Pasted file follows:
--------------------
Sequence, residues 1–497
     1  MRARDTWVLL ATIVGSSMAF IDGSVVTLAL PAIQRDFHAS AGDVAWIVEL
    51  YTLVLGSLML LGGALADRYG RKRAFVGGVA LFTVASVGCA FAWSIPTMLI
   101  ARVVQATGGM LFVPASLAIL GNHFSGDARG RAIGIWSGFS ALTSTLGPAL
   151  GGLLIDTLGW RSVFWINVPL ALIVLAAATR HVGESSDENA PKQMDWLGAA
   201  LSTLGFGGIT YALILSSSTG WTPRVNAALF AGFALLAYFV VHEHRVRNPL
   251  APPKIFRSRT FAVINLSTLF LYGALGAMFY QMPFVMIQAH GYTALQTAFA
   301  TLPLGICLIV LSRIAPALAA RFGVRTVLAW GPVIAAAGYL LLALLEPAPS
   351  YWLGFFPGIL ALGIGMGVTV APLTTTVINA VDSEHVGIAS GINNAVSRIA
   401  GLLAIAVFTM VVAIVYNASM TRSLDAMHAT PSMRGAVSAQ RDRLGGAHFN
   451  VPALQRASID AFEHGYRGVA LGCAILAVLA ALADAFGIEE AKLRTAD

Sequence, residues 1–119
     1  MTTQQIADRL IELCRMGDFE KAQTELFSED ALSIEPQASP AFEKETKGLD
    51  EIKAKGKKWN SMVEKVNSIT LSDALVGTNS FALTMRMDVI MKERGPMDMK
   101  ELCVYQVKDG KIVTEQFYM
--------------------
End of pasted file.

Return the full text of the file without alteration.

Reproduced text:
Sequence, residues 1–497
     1  MRARDTWVLL ATIVGSSMAF IDGSVVTLAL PAIQRDFHAS AGDVAWIVEL
    51  YTLVLGSLML LGGALADRYG RKRAFVGGVA LFTVASVGCA FAWSIPTMLI
   101  ARVVQATGGM LFVPASLAIL GNHFSGDARG RAIGIWSGFS ALTSTLGPAL
   151  GGLLIDTLGW RSVFWINVPL ALIVLAAATR HVGESSDENA PKQMDWLGAA
   201  LSTLGFGGIT YALILSSSTG WTPRVNAALF AGFALLAYFV VHEHRVRNPL
   251  APPKIFRSRT FAVINLSTLF LYGALGAMFY QMPFVMIQAH GYTALQTAFA
   301  TLPLGICLIV LSRIAPALAA RFGVRTVLAW GPVIAAAGYL LLALLEPAPS
   351  YWLGFFPGIL ALGIGMGVTV APLTTTVINA VDSEHVGIAS GINNAVSRIA
   401  GLLAIAVFTM VVAIVYNASM TRSLDAMHAT PSMRGAVSAQ RDRLGGAHFN
   451  VPALQRASID AFEHGYRGVA LGCAILAVLA ALADAFGIEE AKLRTAD

Sequence, residues 1–119
     1  MTTQQIADRL IELCRMGDFE KAQTELFSED ALSIEPQASP AFEKETKGLD
    51  EIKAKGKKWN SMVEKVNSIT LSDALVGTNS FALTMRMDVI MKERGPMDMK
   101  ELCVYQVKDG KIVTEQFYM